CLARKSBURG, W.Va. (WBOY) — The term redneck has a long and storied history, with a surprising connection to the labor unions of Appalachia, and although the term has been used both as a slur and as an honorable label, it has almost always been used to describe the same group of people, poor, uneducated, southern white laborers.

According to, the earliest instance of the term was used in reference to the Presbyterians of Fayetteville, North Carolina, in an 1830 travelogue, but the use of the term was specific to the local area, with Merriam-Webster believing it to mean in this instance “a white member of the Southern rural laboring class.”

The term appears again in 1837, published in the Hartford, Connecticut Times, describing a swimming man, and again in 1860, published in the Macon Telegraph, in reference to a Baltimore, Maryland street gang known as the “Red Necks.”

“This is not the classic view of a redneck, but it fits the description of poor, poorly educated, white person from the south (Baltimore is often considered the northernmost ‘southern’ city), prone to anger,” said.

Redneck didn’t start to form its more modern, negative meaning until 1885, when an anti-immigrant sentiment was published in the Daily Honolulu Press, describing many southern Americans as “poor white trash” and saying they were “imported from the slums of England and Europe in the seventeenth century.”

While these examples show instances of the term’s use, they do not explain how the term came to be.

According to, “the term redneck has strong agricultural ties. Originally used in the latter half of the 19th century, redneck was a slur used by upper class whites to describe lower class white farmers (Huber 1995). These lower class workers would often have sunburnt, red necks from tending their fields all day; hence the name.”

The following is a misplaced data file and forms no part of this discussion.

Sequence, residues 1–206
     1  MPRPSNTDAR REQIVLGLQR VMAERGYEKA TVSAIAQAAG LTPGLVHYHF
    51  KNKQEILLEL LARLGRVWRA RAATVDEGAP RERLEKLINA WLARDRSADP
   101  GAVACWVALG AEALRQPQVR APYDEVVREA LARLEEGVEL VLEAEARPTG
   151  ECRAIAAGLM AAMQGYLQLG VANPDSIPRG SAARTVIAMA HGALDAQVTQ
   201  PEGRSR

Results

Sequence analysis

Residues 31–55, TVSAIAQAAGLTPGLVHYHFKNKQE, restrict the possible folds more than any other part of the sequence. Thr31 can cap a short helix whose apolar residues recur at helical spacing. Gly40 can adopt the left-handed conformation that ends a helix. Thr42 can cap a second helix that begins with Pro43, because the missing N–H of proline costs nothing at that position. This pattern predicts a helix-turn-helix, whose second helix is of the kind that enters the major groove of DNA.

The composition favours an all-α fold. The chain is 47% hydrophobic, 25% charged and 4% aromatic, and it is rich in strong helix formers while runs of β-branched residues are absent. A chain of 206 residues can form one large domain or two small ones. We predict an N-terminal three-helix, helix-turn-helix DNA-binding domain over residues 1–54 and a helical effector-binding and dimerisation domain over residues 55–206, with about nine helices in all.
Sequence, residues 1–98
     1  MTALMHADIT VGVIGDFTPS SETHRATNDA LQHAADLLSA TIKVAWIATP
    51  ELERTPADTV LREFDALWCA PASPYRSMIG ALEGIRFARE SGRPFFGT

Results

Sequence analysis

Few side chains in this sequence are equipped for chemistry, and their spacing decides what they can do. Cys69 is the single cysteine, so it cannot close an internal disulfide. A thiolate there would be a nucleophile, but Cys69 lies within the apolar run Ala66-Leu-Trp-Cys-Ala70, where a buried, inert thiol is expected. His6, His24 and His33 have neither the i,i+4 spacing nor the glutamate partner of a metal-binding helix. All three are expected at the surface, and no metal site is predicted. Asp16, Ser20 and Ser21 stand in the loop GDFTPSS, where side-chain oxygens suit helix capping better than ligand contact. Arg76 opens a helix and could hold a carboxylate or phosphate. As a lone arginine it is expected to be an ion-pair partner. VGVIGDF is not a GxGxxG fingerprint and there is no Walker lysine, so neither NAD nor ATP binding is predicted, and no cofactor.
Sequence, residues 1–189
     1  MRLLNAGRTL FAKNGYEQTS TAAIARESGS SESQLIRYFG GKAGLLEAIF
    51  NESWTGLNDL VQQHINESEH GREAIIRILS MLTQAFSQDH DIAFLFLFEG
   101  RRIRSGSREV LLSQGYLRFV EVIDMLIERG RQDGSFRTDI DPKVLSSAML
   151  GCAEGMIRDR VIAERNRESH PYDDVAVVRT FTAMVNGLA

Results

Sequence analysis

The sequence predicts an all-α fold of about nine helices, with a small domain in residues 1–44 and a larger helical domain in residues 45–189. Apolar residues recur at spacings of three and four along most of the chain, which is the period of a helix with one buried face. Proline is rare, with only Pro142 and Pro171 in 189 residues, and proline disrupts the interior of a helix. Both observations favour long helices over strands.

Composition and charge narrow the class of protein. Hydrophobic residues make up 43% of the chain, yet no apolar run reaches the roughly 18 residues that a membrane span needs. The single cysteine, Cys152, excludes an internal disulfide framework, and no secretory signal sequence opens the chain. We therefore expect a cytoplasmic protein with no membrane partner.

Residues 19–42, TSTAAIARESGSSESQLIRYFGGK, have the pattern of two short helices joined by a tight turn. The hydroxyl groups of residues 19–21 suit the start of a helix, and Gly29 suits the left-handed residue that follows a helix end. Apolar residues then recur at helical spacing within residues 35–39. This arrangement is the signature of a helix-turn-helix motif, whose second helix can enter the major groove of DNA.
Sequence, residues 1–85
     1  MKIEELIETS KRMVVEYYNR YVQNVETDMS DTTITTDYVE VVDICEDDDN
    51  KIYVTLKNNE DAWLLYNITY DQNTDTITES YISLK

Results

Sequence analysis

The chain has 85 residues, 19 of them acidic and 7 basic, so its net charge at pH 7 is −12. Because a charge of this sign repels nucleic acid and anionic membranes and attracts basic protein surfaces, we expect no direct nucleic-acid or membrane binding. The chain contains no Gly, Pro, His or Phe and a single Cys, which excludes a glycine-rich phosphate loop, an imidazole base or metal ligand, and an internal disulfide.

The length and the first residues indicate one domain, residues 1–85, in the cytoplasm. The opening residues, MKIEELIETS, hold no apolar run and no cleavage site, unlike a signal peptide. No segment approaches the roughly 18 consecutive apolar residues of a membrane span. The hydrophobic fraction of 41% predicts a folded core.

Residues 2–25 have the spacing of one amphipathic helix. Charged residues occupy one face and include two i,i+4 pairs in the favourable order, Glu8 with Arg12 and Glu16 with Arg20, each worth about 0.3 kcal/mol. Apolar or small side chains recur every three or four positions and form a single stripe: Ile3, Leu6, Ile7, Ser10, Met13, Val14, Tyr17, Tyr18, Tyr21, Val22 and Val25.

However, the term would soon turn away from its prejudiced roots and instead come to represent unification. At first, the term was used on pro-union southern coal miners “due to their communist ties,” said. However, the labor unions took the term and transformed it into a symbol of unity, donning red bandanas to identify themselves.

In 1921, this “Red Neck Army,” a force 10,000 strong, marched from Charleston, W.Va. to Logan and Mingo counties, “the last two non-union counties in West Virginia,” according to The ultimate result of this march would be the Battle of Blair Mountain, where the striking miners would face off against state, company and federal forces.

“The union had suffered a crushing defeat. Between 20 and 50 people had been killed in the battle on both sides. An unknown number had been wounded, probably in the hundreds,” said.

In modern times, redneck has come to mean many things. For some, it is a term of pride that shows they carry old, southern beliefs, a descriptor with wildly different connotations ranging from a strong belief in independence to support of white nationalism. Meanwhile, others have come to believe that the term demeans them and superimposes negative and/or inaccurate stereotypes to them.

Either way, the term’s history has become intertwined with the poor, southern white laborers of America and stands as a projection of the beliefs of those who use it.